I go all-out with my toppings — except when I’m packing a Pub Sub for a hike, in which case I always leave off the tomato — and my Pub Subs are all the better for it. I actually pretty much always only eat Pub Subs when I’m going on outdoor adventures, whether that’s a hiking trip, climbing trip, or shooting the ‘hooch. Because of this, I always associate Pub Subs with long afternoons and cold beers, a.ka. the best days.”
Chef Jeffrey Gardner: “The quickest way to make a Pub Sub seem like the most glorious sandwich in the world is to compare it to Subway. The bread at Publix has a substantial chew, unlike whatever it is they call bread at Subway. You know, the stuff with that weird chemical odor that smells like a nursing home and probably contains the same sludge Jack Nicholson fell into that turned him into Joker in ‘Batman.’
You can see the good people at Publix spread the mayonnaise along the inside of the bread, coast to coast, the way god intended; unlike Subway, whose awkwardly-designed squeeze bottles are guaranteed to produce a bead of caulk-like mayo accompanied by that disgusting bottle fart sound.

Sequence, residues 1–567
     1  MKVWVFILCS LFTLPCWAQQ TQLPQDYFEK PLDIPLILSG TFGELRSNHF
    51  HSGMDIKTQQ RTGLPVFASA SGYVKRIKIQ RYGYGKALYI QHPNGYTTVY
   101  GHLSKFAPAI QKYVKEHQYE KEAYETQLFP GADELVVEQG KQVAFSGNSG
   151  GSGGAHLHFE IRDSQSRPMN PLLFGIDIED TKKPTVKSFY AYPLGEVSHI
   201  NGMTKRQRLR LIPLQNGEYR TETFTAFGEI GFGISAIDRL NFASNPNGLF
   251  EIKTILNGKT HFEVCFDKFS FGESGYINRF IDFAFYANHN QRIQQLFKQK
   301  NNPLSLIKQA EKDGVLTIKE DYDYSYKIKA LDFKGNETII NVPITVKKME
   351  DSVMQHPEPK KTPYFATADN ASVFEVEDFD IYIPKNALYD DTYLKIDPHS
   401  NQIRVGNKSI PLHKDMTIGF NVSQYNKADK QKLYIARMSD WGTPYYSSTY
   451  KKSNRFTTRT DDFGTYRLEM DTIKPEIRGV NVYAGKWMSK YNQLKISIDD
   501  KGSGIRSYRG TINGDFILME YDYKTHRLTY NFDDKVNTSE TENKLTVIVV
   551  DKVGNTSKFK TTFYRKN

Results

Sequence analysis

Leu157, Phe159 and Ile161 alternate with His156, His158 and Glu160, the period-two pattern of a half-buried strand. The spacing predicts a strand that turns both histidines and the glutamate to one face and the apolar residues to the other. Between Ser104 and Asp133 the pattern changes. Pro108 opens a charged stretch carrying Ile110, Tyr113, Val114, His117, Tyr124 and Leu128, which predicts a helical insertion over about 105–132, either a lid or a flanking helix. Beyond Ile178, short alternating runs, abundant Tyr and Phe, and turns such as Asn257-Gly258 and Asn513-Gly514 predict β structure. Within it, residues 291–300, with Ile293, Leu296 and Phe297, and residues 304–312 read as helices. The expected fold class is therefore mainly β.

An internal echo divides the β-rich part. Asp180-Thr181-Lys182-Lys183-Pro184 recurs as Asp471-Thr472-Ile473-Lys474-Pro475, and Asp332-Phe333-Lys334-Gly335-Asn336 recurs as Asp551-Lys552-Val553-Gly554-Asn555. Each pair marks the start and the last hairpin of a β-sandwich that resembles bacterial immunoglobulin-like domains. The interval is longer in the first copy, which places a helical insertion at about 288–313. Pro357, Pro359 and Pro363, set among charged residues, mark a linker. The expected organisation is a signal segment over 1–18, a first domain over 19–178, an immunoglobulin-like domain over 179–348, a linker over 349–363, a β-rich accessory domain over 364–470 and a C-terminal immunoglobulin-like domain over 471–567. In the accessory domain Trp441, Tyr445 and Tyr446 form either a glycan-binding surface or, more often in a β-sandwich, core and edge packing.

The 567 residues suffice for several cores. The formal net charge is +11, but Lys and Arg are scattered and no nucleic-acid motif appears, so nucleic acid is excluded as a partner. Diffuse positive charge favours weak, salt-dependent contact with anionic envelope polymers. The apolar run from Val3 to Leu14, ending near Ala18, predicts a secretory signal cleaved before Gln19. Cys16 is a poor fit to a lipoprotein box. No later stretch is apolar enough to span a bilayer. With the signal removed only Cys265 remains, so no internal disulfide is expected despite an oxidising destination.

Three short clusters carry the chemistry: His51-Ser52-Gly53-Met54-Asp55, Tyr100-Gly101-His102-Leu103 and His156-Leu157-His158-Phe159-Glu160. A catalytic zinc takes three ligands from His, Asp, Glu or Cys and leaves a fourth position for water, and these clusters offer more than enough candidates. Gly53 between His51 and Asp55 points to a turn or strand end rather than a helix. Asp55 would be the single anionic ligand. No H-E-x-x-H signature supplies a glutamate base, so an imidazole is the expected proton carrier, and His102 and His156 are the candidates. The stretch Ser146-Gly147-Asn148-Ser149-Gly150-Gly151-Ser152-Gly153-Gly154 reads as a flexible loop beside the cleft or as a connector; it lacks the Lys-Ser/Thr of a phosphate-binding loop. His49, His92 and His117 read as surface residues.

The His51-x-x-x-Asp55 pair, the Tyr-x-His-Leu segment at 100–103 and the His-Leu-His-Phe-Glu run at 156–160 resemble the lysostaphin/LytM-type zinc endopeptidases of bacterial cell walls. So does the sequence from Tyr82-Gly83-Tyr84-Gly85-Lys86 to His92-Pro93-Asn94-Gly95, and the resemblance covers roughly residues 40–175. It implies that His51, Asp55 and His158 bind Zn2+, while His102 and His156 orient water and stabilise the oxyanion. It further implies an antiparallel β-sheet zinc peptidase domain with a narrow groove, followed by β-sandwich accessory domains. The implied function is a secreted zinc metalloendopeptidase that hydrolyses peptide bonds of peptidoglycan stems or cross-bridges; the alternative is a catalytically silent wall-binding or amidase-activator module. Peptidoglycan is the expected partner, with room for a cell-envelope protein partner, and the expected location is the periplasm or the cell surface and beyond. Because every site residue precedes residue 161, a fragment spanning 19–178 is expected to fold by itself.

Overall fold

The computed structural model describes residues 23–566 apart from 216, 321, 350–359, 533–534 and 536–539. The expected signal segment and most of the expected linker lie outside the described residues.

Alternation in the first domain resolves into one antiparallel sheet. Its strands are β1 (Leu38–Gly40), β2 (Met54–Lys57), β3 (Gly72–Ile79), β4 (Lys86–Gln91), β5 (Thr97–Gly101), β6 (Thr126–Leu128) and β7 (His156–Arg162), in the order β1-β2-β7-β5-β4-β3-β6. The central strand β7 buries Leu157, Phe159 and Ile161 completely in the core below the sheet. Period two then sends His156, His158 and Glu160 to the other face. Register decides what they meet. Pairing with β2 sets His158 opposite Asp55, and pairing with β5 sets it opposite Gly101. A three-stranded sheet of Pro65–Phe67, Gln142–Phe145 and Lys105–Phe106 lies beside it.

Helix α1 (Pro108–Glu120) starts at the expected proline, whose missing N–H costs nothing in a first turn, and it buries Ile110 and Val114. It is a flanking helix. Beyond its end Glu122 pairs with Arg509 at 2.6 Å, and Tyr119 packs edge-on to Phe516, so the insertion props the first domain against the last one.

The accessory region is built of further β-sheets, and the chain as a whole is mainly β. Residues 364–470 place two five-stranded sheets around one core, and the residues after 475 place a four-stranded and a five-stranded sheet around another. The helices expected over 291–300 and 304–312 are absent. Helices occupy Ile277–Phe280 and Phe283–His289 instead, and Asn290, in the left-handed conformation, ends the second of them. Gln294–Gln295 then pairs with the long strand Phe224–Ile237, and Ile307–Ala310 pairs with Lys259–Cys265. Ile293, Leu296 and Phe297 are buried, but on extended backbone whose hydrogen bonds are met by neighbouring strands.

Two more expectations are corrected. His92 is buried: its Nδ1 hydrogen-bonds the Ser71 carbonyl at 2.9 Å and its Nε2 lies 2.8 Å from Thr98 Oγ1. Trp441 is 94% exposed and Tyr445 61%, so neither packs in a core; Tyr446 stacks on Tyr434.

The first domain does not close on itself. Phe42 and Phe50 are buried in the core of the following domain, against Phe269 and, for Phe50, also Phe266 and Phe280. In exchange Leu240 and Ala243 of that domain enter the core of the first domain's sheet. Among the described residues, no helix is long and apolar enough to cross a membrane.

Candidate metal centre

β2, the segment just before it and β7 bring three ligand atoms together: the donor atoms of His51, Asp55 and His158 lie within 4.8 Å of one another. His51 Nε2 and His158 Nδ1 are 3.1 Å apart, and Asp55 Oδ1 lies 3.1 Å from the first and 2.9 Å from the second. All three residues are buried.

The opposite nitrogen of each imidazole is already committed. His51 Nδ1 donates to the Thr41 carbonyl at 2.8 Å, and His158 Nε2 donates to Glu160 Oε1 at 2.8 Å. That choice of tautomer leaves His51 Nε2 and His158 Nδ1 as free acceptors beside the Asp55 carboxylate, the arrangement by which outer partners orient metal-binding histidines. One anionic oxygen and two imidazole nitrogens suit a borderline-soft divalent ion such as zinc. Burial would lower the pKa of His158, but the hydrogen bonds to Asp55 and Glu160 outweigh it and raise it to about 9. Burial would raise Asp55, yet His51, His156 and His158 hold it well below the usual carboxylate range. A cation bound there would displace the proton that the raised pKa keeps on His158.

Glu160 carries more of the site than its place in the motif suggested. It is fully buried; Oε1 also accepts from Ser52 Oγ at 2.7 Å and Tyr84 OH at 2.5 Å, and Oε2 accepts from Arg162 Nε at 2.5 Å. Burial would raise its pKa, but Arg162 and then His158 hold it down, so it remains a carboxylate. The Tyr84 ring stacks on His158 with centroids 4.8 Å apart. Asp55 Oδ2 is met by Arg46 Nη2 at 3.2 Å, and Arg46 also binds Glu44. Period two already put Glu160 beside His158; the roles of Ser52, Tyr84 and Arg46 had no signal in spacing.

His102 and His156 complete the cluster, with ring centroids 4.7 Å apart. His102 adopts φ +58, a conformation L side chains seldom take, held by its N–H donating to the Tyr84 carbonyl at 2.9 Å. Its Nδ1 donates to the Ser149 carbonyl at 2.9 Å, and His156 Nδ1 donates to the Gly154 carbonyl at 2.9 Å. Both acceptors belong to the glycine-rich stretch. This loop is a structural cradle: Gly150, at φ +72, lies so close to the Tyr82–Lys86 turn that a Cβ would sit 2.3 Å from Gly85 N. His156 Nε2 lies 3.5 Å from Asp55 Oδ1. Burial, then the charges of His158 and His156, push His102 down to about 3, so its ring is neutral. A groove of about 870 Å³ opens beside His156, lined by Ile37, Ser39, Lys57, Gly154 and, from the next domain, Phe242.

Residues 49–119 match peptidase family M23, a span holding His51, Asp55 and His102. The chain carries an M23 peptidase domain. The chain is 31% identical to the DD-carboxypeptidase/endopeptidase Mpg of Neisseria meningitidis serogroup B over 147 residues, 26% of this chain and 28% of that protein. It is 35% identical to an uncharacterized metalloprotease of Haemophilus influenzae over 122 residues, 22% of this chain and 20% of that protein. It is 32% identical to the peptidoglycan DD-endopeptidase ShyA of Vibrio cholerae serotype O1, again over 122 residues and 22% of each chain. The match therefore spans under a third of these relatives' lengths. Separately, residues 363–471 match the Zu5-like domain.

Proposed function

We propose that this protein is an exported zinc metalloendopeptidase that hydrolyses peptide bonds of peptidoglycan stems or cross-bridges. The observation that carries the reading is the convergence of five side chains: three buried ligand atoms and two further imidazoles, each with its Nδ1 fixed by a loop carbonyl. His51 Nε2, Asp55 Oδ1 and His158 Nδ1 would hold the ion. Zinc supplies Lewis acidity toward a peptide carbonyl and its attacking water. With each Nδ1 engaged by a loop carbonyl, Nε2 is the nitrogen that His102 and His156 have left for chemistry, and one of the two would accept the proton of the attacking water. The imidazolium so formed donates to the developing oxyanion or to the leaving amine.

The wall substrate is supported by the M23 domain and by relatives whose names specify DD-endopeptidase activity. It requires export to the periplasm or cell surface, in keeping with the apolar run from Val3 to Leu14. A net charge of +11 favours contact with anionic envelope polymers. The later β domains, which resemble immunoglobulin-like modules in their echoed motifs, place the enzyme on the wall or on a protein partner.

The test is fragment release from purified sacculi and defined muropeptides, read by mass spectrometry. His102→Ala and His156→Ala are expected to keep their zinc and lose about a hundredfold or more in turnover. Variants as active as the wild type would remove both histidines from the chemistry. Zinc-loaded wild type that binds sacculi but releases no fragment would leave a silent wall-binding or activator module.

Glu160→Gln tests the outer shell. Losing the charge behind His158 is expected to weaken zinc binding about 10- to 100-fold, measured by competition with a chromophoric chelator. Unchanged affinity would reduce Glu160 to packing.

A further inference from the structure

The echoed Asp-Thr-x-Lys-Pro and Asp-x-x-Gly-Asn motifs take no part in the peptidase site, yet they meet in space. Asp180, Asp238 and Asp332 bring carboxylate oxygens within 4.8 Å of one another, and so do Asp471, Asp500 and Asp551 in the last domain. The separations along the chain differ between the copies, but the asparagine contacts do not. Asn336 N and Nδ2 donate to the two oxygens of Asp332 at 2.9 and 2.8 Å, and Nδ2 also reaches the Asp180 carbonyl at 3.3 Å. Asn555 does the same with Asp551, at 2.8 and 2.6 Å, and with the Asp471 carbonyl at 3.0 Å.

Boars Head Turkey is my go-to and is always solid; though getting their Cuban, taking it home and buttering/pressing it yourself is a strong move too. I also like how Publix’s deli staff anticipate using every bit of their mise en place on each person’s sandwich. Then, when you only want banana peppers or pickles, they’re genuinely astonished or seem like they’re somehow derelict for not loading your sandwich up with a ’80s salad bar.”
Ryan Hughley: “I live just down the street from my local Publix and at this point the staff knows both my face and order. All I do is walk in and they get started building my Boar’s Head Italian Sub. I’m with Kate in that I get all the fixings possible and a little extra oil and vinegar because what’s an Italian sub without it?